It’s usually the bigger fish we talk about; the musicians we already know, the ones playing after the supporting programme. As Subbacultcha’s all about discovering the new, the up-and-coming, the fresh and the innovating, we decided to dedicate a space to them once a month, highlighting the way in which they enrich our hearing. First up is Melika Ngombe Kolongo, aka Nkisi. She’s a DJ slash producer and co-founder of NON Worldwide, a subversive collective born out of the African diaspora. Raised in Belgium, she now lives in London where she’s a resident of night club Endless, a place known for its doomcore and gabber connoisseurs.

By Blanche Didier

Nkisi’s music reflects the mystical name she chose to impersonate her style she describes ‘a synthesist of new hardcore sounds’. Born in Congo, she curiously grew up in Leuven where she acquired a well-pronounced taste for heavy doomcore and fast-paced music. As she flows from heavy layered trance synths and thunder-like drums to Central and West African club tracks, Nkisi’s musical horizon explores many global dance styles that often play with collective memory. The Dark Orchestra, a breath taking mix she released last summer, gives a pretty good overview of the potential of her untamed beats:

The political, disrupting tone that resonates in her tracks has been designed as a blasting call to think and reflect on today’s Westernized, patriarchal society. This political statement meant the starting point of NON Records, the label she co-founded with Angel-Ho and Rabit. As they told in an interview with The Fader, ‘in no uncertain terms, the intent of NON is to run counter to current Western hyper capitalist modes of representation and function, exorcising the language of domination through the United Resistance of policed and exotified coloured bodies’.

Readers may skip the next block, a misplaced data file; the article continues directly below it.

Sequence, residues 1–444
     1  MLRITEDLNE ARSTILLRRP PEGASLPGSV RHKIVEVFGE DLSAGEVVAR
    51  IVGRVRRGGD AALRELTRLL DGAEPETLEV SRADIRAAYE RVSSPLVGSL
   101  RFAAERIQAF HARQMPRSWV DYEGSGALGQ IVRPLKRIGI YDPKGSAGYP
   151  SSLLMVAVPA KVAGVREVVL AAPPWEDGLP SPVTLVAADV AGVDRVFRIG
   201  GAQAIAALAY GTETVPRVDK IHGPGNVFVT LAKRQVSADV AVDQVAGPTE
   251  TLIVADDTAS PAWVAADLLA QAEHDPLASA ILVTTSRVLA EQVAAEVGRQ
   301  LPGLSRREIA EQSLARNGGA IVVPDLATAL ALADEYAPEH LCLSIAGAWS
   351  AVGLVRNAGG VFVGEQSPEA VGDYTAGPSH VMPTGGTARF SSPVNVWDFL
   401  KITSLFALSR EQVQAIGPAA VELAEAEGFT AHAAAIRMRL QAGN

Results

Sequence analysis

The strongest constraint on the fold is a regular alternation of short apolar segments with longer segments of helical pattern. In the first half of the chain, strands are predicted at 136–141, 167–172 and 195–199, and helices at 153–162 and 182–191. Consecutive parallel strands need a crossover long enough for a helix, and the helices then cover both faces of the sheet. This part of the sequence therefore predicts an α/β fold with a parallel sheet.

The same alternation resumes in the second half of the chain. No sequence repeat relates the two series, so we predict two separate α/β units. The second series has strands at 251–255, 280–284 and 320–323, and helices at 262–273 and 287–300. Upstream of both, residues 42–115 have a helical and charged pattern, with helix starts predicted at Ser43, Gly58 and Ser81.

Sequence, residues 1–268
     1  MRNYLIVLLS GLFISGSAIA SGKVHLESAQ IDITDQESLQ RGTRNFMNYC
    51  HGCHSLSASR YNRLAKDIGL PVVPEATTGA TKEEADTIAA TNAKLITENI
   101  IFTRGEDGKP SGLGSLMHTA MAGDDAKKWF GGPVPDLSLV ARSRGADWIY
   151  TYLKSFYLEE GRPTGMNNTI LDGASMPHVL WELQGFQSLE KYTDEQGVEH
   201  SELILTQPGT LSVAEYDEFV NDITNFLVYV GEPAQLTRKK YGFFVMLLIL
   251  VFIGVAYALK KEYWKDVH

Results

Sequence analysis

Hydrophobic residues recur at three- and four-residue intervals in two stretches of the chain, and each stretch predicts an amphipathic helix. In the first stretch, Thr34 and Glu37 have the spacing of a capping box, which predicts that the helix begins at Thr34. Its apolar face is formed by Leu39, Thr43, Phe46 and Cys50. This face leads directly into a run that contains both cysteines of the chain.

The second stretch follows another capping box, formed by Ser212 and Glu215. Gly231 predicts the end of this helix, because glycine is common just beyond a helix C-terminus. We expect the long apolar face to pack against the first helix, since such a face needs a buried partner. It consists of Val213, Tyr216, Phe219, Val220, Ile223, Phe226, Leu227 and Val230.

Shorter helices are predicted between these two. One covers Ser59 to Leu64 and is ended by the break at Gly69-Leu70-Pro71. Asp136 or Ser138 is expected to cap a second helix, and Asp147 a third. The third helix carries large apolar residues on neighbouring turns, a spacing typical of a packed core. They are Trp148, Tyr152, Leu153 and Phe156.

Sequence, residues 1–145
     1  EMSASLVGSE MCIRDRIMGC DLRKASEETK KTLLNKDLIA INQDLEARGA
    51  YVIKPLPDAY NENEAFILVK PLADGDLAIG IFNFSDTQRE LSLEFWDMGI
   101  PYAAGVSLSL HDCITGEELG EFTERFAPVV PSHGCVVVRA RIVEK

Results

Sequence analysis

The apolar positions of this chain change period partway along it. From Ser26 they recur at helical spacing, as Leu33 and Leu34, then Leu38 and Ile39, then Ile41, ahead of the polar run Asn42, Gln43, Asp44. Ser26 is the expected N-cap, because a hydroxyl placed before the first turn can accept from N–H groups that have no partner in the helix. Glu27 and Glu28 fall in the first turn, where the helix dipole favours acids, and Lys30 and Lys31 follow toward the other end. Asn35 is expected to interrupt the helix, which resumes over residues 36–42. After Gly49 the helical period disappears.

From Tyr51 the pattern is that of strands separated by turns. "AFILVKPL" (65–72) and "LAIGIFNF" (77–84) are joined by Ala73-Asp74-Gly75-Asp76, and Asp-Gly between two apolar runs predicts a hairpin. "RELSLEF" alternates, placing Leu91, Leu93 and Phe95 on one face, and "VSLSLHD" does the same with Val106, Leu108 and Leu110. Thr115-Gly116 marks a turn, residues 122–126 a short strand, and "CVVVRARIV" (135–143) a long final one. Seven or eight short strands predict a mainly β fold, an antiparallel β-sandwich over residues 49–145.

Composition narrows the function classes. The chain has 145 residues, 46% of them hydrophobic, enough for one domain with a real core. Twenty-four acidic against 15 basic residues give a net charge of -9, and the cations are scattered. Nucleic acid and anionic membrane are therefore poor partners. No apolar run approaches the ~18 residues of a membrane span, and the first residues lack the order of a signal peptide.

Rather than thinking of NON as a record label, it’s actually more accurate to perceive them as a social movement, sprouted from the marginalisation and traumatic experiences their founders share as their respective homes –London, America and South Africa– have had a common past of white-supremacism and colonialism.

Through her music, Nkisi (and the other NON members) aim at disrupting the current establishment in the music industry, which often crushes creativity to the profit of a well-polished musical status quo that alienates the true message of African and Afrodiasporic musicians.

When listening to Nkisi, don’t expect to embark on a sea of comfortably numb tracks. Instead, prepare to  become submerged in a dissenting, militant universe that’ll put you ill-at-ease, and will undoubtebly question the deeper meaning in her tracks. Nonetheless, the confrontational aspect of Nkisi’s music shouldn’t be mistaken for a blank desire to express violence and rejection. Behind her thought provoking approach actually lies a healing process through which Nkisi evacuates personal traumas, while simultaneously reaffirming her differences and refusing confinement in the established status quo.

The choice of ‘Nkisi’ as a stage name also represents this symbolic healing process, as it reflects the diversity of her musical inspirations. She told Truants Nkisi was a pre-colonial power figure from Congo, a statue inhabited by spiritual powers that was used as medicine for witch doctors. The Nkisi also served as proof when a contract had been sealed, by slamming a nail into the sculpture. ‘I think I’ve always been fascinated by those sculptures because in Western eyes it looks really scary, as it’s this kind of angry sculpture that’s really frightening. I just really like how the object has a lot of layers.’

It’s songs like ‘Et Pourtant elle tourne’ and ‘WOC’ that exhale a gripping sincerity that will leave none indifferent. For those who will see her play in Vooruit, her performance will certainly resonate long after it’s over. As she put it to The Fader, ‘Bear the burden of truth like nails into your body’. Something to think about.

Nkisi and Moor Mother play Vooruit, Ghent on 31 March. The show is free for members. Become a member here.